Think-tank recommends placing legal advice clinics in council offices to improve access to civil justice

Outcomes in civil justice would be improved for citizens if early interventions could be made by 'co-locating' legal clinics located in council offices, hospitals or GPS surgeries, according to a new report published by the Social Market Foundation (SMF).

The non-partisan think tank's report, Right time, right place: improving access to civil justice, also recommended policymakers boost legal aid funding and support policy which would lead to better, more timely data collection.

Participants in the report said the key to co-locating legal advice is to "take the services to where people go, don't expect them to find you".

However, "[joining-up] legal and other services carries a range of challenges, including a lack of resources, weak relationships, and differences in professional strategy, culture and ways of working," the report added.


Policymakers should have a role to play in supporting forms of coordination and integration for effective collaboration. "They can develop infrastructure and resources that help relevant people to find and get to know one another – for example, collating directories, supporting forums for networking and providing legal education."

The report also called upon policymakers to reverse cuts to civil legal aid, "which some estimates suggest would save the government money by limiting expensive downstream problems".

The availability of support to help people through civil justice issues has been "significantly curtailed" as a result of the Legal Aid, Sentencing and Punishment of Offenders Act 2013, according to the report.

The report highlighted areas of law that were largely removed from the scope of legal aid and so no longer receive public support, including private family, employment, welfare benefits, housing, clinical negligence, and non-asylum immigration law matters.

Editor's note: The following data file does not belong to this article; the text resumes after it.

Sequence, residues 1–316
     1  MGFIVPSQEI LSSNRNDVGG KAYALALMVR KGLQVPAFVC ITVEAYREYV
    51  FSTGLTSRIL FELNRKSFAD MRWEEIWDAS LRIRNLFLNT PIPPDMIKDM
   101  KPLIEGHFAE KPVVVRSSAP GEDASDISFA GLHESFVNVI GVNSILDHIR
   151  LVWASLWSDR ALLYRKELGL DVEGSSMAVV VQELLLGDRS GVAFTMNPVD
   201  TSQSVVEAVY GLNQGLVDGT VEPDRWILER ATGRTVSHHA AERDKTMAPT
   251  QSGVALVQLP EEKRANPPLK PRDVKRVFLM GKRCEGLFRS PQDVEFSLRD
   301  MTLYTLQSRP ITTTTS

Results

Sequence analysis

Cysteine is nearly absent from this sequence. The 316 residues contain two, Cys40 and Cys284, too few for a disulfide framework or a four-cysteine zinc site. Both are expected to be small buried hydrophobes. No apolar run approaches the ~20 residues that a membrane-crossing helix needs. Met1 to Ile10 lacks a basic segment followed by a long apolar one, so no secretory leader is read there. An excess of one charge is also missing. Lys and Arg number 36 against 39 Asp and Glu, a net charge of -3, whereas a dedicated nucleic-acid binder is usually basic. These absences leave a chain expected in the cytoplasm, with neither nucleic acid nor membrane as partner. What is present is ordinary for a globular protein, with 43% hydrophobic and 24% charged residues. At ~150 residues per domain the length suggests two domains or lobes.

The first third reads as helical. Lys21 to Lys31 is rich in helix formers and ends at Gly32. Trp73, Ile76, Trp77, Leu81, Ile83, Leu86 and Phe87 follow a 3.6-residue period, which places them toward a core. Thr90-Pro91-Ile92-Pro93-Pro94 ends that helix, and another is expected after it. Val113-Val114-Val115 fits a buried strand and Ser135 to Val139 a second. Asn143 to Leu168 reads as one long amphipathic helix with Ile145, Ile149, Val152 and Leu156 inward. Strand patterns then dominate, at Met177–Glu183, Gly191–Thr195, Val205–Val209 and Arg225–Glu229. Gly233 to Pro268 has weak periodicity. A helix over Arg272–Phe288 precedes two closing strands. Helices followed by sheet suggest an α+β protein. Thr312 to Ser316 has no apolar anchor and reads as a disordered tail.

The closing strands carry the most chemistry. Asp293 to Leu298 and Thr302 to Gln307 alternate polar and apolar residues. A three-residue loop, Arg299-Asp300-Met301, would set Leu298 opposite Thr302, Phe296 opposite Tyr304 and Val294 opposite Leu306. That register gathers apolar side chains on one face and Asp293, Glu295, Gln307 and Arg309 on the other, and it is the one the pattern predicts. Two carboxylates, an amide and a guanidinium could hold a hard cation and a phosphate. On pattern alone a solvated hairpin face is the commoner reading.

The overall amount of funding is now less than a fifth of what it was in 2011/12.

The final recommendation made by the think-tank called for the collection of better and more timely data, for example, through a biannual Civil Justice Survey for England and Wales.

The most recent official government analysis of the prevalence, nature and consequences of civil justice issues comes from 2014/15. "That was, clearly, quite a long time ago – particularly since fairly radical policy changes have bedded in over the intervening period, not to mention the disruption of the pandemic," the report noted.

"If we are to understand the state of civil justice in this country, to show that it matters, and to appreciate the impact of policy, we need more regular and timely data".

Other key findings made by the think-tank included:

  • Civil justice issues are common: around two-thirds of people have experienced them in the last four years.
  • Most are addressed without formal action or legal support, and many are not recognised as legal in nature.
  • The consequences include: 53% of people experience stress, 33% financial loss, and in extreme cases, people may lose their jobs or turn to drugs or alcohol.
  • Recent changes to legal aid have "substantially limited" affordable help – the number of publicly-supported cases are a fifth of what they were a decade ago.
  • On the other hand, government efforts to move civil procedures online and make them more convenient and efficient have borne some fruit, though concerns remain over the digitally excluded.

The Social Market Foundation (SMF) is a non-partisan think tank. It conducts research looking at a wide range of economic and social policy areas, focusing on economic prosperity, public services and consumer markets.

Adam Carey

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